European drug prevention quality standards
Additional expert standards (cont.):
B.16 Necessary support and agreements to collaborate are obtained from other agencies and institutions. Basic standard where these are required for a successful implementation of the intervention. Examples of ‘collaborators’: school head teacher, teachers, administrative staff. Example of evidence: a formal letter of participation and collaboration is obtained. B.17 The organisation is represented in existing networks or coordinating bodies, or establishes new networks. B.18 The (local) media are involved in the programme, where appropriate: • The media are asked to promote the programme among the target population, or to support its aims. • The media are asked to promote the programme among potential funders or donors. • The media are asked and enabled to help change negative attitudes towards the target population, where appropriate. Example of media involvement: media report on the successes of the programme. Example of media involvement: media avoid labelling the target population. Additional resources: see Additional guidance section for media guides. B.19 Obligations towards the funding body are adhered to. B.20 Mechanisms are in place for communication and regular exchange: • between various agencies involved in the programme; • between staff members and participants. Basic standard if several agencies are involved in the programme. Basic standard if funding has been provided by an external body. Examples of media involvement: media advertise the programme, promote drug prevention values. Example of coordinating body: local or regional drug prevention coordinating teams, prevention committees, expert groups.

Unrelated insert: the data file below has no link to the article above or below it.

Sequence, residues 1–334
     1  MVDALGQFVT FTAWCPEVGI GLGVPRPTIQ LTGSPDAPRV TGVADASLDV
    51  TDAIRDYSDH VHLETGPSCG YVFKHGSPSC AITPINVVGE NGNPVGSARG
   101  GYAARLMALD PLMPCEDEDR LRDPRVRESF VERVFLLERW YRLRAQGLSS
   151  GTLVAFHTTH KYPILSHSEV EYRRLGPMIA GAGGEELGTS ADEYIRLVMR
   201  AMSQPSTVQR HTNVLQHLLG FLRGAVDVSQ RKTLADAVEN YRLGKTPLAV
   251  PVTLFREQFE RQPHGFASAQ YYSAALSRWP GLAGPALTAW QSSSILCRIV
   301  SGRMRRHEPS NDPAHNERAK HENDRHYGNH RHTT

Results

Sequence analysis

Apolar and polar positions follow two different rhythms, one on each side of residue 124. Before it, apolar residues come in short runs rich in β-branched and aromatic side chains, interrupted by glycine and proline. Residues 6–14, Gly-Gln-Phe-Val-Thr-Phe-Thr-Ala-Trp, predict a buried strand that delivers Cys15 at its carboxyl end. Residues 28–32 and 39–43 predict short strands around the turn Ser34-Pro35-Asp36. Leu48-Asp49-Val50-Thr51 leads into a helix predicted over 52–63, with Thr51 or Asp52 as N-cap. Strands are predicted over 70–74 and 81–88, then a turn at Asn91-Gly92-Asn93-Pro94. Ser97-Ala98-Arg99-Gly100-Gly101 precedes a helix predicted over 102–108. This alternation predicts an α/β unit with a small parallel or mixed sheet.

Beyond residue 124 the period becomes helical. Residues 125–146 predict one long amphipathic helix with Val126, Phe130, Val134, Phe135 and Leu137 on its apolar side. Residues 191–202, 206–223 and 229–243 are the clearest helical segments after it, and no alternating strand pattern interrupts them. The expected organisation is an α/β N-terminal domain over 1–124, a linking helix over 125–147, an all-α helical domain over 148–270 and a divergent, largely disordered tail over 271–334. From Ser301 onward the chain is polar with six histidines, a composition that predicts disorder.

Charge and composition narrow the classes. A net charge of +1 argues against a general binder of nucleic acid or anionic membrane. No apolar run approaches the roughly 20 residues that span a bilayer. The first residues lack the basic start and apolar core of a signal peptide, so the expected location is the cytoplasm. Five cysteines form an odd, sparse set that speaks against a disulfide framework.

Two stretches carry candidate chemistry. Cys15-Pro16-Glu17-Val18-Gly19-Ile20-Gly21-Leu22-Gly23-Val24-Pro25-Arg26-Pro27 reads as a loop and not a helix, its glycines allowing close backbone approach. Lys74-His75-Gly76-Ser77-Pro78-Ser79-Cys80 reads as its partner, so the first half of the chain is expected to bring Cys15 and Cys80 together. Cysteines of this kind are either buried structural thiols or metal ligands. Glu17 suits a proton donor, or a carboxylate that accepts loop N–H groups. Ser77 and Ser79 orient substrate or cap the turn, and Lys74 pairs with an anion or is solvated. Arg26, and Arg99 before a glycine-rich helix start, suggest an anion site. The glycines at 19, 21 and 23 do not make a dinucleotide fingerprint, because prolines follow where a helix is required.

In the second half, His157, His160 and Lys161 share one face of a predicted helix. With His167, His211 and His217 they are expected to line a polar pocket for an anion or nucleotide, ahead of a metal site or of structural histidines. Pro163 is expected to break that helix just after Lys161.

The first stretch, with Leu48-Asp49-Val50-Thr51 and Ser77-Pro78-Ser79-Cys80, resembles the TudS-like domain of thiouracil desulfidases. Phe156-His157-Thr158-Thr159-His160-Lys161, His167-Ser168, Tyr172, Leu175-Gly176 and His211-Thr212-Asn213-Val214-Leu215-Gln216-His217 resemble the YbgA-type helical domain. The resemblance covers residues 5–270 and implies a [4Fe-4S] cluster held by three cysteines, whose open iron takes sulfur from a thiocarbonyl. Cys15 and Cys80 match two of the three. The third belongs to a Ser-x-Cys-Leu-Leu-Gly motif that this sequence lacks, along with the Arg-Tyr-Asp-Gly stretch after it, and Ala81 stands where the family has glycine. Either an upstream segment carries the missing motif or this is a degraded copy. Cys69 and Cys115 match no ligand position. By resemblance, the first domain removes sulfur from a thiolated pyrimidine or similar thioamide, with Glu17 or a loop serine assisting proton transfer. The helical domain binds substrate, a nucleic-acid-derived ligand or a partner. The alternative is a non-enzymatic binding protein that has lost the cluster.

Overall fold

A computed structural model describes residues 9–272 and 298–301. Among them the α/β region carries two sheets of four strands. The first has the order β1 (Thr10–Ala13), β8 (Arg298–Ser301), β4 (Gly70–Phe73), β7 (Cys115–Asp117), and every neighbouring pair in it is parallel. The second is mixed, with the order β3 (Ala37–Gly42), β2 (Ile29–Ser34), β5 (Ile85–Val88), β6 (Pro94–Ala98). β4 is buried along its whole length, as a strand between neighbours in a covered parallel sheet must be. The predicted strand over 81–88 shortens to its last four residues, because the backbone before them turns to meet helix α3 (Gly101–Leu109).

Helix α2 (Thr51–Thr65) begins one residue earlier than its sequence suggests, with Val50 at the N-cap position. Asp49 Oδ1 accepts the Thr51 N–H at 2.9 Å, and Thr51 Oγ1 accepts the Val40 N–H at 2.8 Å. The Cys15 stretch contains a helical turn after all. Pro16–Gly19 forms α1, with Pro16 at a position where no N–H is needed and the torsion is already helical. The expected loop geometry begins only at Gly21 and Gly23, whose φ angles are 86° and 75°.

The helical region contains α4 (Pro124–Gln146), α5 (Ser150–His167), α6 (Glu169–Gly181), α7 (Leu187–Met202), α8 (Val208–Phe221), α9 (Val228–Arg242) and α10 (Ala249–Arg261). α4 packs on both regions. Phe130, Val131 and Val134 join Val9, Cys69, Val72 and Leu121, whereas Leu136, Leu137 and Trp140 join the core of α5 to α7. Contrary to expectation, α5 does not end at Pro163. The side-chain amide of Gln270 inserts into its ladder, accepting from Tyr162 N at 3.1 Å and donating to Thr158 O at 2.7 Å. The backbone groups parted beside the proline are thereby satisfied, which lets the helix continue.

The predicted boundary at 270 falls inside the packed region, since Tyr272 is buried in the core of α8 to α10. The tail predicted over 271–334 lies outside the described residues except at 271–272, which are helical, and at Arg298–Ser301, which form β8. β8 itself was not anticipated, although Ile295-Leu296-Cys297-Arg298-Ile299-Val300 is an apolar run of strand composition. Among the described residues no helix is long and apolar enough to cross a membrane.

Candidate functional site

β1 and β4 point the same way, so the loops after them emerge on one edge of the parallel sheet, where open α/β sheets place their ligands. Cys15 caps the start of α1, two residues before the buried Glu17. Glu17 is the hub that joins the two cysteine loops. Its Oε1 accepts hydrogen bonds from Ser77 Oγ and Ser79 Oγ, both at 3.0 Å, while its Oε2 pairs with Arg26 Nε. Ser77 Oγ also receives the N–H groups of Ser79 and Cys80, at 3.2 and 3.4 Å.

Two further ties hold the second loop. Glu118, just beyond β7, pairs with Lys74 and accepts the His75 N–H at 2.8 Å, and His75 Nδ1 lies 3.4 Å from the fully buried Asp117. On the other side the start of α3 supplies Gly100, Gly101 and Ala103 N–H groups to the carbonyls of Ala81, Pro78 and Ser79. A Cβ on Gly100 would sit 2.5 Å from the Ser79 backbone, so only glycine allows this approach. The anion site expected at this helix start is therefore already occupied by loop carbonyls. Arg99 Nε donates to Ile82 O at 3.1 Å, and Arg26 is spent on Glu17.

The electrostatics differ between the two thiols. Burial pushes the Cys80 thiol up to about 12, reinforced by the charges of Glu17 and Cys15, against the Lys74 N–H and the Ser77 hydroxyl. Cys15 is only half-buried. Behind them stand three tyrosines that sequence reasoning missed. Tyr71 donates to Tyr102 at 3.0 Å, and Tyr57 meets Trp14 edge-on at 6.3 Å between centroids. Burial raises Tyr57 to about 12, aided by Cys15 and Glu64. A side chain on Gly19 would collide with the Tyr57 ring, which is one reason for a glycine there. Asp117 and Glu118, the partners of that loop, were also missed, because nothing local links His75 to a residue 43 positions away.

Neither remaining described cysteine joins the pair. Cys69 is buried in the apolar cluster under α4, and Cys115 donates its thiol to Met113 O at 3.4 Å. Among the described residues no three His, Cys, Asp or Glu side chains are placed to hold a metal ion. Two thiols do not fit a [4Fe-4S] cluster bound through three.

Additional expert standards (cont.):
B.21 Updates on the progress of the programme are communicated: • to all persons involved or interested in the programme; i.e. to all stakeholders that have been identified as relevant, including team members and the senior management of the organisation. Note: the funding agreement may include specific update requirements (e.g. frequency and format of updates). • regularly; • in a user-friendly format that is adequate for the target audience.
European drug prevention quality standards
C: Staff development